I have been over at K Morris – Poet blog with a post about Father Merton, one of the significant characters in my forthcoming novel, Through the Nethergate.
Father Merton is a Catholic priest who grew up on a diet of Norse mythology and Scandinavian folklore emanating from his mother’s side of the family who lived in Norway. His background and continuous exposure to superstition and mythical beliefs have resulted in him having a much more open mind about such matters than his colleagues who have grown up in a much more science focused world. Father Merton considers situations from all perspectives and applies all his senses, including a highly developed sixth sense.
Following his own encounter with a spirit as a young priest, Father Merton made a career choice to become an exorcist within the structure of the Catholic Church. During his career as an exorcist, he has interacted with plenty of charlatans who were putting on a fine show of being haunted, but he has also come across several genuine hauntings.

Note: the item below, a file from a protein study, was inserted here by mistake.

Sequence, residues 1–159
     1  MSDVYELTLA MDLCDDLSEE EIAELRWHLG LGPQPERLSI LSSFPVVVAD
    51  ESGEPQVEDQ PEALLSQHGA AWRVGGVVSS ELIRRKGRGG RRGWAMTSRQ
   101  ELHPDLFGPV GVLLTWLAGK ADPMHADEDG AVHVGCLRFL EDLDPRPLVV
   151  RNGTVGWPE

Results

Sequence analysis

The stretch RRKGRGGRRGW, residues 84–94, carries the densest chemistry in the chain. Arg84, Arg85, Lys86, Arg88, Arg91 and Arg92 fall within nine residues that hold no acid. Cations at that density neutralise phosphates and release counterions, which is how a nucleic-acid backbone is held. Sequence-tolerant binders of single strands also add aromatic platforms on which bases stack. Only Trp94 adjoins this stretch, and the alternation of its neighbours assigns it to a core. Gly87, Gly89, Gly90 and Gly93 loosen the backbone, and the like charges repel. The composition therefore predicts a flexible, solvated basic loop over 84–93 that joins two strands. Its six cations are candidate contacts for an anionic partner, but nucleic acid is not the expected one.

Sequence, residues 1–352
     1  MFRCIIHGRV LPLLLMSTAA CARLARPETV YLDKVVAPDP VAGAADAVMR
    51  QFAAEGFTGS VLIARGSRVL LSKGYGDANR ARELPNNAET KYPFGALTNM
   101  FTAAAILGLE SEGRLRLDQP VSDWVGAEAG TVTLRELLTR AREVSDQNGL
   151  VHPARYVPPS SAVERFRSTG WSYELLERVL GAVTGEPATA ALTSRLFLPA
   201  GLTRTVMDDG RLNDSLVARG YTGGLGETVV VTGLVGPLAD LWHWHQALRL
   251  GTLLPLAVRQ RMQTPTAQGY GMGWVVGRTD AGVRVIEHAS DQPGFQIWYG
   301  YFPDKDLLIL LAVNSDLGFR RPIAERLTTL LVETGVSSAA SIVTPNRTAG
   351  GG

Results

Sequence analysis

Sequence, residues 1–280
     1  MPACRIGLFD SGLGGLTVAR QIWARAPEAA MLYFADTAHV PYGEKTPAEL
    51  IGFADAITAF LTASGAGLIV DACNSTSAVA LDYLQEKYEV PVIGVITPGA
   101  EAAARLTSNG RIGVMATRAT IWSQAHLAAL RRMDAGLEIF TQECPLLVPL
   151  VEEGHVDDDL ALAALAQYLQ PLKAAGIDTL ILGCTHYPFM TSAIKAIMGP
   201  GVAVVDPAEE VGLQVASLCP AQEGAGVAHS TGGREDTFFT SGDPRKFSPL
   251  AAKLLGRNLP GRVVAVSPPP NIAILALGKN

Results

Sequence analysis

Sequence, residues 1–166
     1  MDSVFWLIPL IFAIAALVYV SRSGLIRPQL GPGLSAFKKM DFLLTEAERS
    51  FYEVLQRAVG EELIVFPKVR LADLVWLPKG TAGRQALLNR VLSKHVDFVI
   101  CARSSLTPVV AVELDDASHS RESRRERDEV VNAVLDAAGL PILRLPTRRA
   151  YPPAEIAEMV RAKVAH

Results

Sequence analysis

“As he drove along a stretch of the road lined on both sides by tall trees, he happened to glance into his rear-view mirror. In the moonlight he saw a teenage girl sitting in the back of his car.
He assumed she was the daughter of one of the Catholic families who had attended the service and his initial reaction was one of irritation. Why had she stowed away in his car? Was she running away from home?
He swung around to look at the teenager over his shoulder, but there was no-one there.
A few seconds later, he looked in the rear-view mirror again and the girl was back. Her skin shone whitely although he couldn’t see her face clearly in the dim light. He swung around for a second time and his annoyance intensified when he saw she was gone again. Why was she ducking down behind the seat when he turned to look at her? It was such a childish thing to do.
He slammed on the brakes and climbed out of the driver’s seat of the car. Marching around to the back door he flung it open, intending to give the girl a good telling off, but there was no-one there. The car was completely empty.
She couldn’t possibly have jumped out of the car and run away; he would have seen her.
He shut the back door and walked back to the driver’s door. Taking his seat, he again peered into the rear-view mirror. The girl was back. She was sitting serenely in the back seat, hands folded neatly on her lap.
Carry on reading here.